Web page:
I am sure  my regular readers know that I can’t stick with  only one project a year. I would get to even more, but that damn grass just keeps agrowin’. IF it was not a weekend house, and IF I did not have to spend 4 hours (at that time, now only 3 hours) cutting the grass, I could get way more done!       

The Kitchen Garden was actually a very easy project. It took us just one weekend to complete it. So I had lots of time to start on my next project, the Flora Glade.       

This was an area that was driving me nuts. It was behind our garage, but as the garage was situated beside the house, rather than behind, you could see it very easily. And it was a mess. Waist high weeds, a huge pile of bark chips, a pile of bricks, very little grass, and lots of bare spots.  There was also a number of maples in a bit of a “grove” as well.        

So I decided that the space would run from the north edge of the Kitchen Garden, to the garage. And I would use the tree line on the east side, run a cedar hedge beside them and the western boundary would be the property line.       

Behind the Garage, May 2007

The Serviceberry, May 2007

This is where I started. My boss gave me a “bonus” and I used the money to buy a redbud  and a serviceberry for the garden. The soil was as hard as a rock here, so I thought that I would make “raised” beds again. I started by making a little brick bed for the serviceberry (which has since been moved).       

On the other side, the redbud was planted. (See how high these weeds are, scary!)       

This is the only part of the garden that I plan on having more free form beds. Everything else is very straight lines, but I wanted a more natural look here. Using the bricks that were behind the garage, as well as all the ones that seemed to be in every shovelful, (was there a brick factory here at one point?), I started outlining the beds/paths.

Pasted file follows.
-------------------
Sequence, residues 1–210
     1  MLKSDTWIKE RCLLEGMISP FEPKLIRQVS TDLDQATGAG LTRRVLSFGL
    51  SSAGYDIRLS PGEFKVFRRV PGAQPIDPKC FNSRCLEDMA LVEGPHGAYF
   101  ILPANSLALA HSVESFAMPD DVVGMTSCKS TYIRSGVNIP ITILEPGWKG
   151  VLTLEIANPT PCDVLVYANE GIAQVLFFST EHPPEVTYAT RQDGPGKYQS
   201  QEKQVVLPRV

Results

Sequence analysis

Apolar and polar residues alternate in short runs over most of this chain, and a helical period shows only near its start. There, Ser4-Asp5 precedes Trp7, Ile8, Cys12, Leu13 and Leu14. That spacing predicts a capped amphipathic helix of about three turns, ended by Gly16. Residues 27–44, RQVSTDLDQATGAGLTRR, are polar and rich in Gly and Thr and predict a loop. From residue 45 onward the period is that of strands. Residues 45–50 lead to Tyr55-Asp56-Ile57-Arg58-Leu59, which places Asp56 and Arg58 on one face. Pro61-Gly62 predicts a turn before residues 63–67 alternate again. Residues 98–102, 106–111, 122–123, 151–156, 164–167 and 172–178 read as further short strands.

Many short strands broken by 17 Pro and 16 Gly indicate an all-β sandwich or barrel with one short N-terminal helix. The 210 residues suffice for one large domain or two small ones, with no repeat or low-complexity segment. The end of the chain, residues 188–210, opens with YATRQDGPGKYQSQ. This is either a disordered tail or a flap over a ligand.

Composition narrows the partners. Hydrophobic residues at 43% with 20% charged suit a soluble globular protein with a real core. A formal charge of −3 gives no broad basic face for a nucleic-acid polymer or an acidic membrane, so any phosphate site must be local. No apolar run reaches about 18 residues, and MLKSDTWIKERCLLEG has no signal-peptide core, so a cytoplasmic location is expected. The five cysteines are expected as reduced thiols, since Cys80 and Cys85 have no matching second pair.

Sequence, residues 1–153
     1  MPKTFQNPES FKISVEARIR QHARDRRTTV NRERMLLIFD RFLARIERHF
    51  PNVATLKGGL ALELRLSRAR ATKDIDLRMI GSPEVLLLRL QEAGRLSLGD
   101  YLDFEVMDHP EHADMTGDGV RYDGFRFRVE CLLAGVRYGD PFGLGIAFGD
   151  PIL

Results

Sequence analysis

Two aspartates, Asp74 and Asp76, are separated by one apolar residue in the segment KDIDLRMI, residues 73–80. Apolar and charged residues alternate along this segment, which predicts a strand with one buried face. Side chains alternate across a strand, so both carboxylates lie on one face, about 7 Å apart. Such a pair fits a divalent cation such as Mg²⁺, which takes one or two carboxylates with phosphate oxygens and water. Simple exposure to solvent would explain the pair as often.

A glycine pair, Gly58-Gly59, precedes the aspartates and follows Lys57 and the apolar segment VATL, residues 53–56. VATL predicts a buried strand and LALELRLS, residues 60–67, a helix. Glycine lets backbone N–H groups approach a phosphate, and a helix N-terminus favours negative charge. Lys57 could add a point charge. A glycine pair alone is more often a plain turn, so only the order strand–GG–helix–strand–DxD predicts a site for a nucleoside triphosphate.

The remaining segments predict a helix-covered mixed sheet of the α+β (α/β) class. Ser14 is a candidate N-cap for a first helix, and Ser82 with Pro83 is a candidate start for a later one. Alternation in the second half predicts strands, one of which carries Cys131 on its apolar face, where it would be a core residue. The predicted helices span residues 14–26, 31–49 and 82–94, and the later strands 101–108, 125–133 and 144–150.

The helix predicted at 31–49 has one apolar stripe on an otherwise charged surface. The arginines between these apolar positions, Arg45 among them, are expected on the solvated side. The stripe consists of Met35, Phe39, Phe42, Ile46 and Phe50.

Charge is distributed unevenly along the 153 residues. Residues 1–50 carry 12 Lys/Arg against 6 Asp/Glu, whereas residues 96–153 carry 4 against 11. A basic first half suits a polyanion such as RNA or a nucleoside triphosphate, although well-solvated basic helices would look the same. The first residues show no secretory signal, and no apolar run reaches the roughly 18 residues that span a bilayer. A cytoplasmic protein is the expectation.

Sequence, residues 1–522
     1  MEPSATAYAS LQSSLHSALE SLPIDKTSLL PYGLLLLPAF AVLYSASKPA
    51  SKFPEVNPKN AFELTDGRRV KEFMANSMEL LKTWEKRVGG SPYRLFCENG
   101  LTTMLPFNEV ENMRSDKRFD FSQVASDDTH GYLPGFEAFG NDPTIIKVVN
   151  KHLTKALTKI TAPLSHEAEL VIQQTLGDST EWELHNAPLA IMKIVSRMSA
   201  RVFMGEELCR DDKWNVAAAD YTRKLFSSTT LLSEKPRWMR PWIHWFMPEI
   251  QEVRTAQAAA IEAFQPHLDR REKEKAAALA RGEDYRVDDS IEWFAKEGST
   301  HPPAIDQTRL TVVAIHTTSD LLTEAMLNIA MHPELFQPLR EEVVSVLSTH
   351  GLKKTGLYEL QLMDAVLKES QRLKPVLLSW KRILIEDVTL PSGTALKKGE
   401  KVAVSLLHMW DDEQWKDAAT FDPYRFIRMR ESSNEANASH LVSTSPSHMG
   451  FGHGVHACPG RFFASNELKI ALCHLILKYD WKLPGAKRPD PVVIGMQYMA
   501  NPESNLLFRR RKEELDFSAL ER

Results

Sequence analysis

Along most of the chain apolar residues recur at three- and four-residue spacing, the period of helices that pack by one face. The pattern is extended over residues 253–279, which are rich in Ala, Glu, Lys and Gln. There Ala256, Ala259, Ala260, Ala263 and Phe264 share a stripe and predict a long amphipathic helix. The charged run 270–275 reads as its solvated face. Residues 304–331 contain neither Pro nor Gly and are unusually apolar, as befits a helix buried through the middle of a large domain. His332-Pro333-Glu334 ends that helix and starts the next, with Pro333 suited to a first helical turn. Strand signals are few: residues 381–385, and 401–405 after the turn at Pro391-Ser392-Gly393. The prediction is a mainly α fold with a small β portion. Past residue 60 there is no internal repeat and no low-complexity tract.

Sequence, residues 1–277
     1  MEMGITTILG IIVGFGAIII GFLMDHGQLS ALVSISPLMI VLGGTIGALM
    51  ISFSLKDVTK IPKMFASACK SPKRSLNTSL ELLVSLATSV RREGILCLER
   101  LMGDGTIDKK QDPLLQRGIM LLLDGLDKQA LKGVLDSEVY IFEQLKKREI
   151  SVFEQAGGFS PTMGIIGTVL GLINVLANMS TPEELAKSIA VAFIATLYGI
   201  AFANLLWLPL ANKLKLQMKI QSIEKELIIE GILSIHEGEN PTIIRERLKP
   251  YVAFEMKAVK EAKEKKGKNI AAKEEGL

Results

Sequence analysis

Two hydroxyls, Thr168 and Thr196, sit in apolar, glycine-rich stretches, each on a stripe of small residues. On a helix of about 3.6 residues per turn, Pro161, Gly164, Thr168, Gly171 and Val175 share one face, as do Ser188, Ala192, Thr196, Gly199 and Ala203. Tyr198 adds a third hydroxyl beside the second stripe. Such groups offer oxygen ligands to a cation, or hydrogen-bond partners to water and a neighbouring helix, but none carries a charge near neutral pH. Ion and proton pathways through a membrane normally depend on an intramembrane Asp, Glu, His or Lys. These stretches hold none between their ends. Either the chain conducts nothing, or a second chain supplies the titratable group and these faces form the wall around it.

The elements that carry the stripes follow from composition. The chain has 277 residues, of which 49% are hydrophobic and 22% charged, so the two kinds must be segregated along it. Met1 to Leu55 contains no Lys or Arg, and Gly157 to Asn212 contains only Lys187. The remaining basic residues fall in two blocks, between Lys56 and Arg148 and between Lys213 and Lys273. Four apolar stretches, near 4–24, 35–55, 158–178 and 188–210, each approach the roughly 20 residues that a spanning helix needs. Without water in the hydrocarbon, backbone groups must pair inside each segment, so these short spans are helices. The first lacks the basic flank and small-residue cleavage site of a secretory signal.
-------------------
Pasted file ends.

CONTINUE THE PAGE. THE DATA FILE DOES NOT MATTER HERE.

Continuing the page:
Behind the Garage, August 2009       

Flora Glade, May 2007

(Yes, that is our old Christmas tree leaning up against the maple, don’t ask!)       

Marking the edge of the Flora Glade, May 2007

Outlining the beds, Flora Glade, May 2007

The Cornus bed, May 2007


August 2009, you can see the redbud in the middle island bed, and the cornus in the next bed.       

Flora Glade, May 2007

These were free plants, Salix integra “Hakuro-nishiki”. They were quite small when they were planted in 2007. They have certainly grown quite a bit by August 2009, despite being cute back hard every spring.       


Standing in the same spot, August 2009       

For me the Flora Glade is beautiful any time of year:       


whether it is spring,  when the redbud is blooming,     


In June       


or late summer!   

If you are crazy enough to want to read more about the Flora Glade, you can here.   

Future plans include building a pergola behind the garage, (that is why so much space has been left), extending the beds beyond the blue trellis, and changing the path materials from bark.

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Flora Glade

 The area directly behind the garage I have dubbed the “Flora Glade”.  The name was stolen from Roy Strongs garden “The Lasket”.  I felt as it was going to be a mix of flowers and trees the name was appropriate. This is where almost all of the perennials are, as well as some shrubs.  It is the one area that is a more ‘natural’ planting, instead of the straight formal lines that I so love.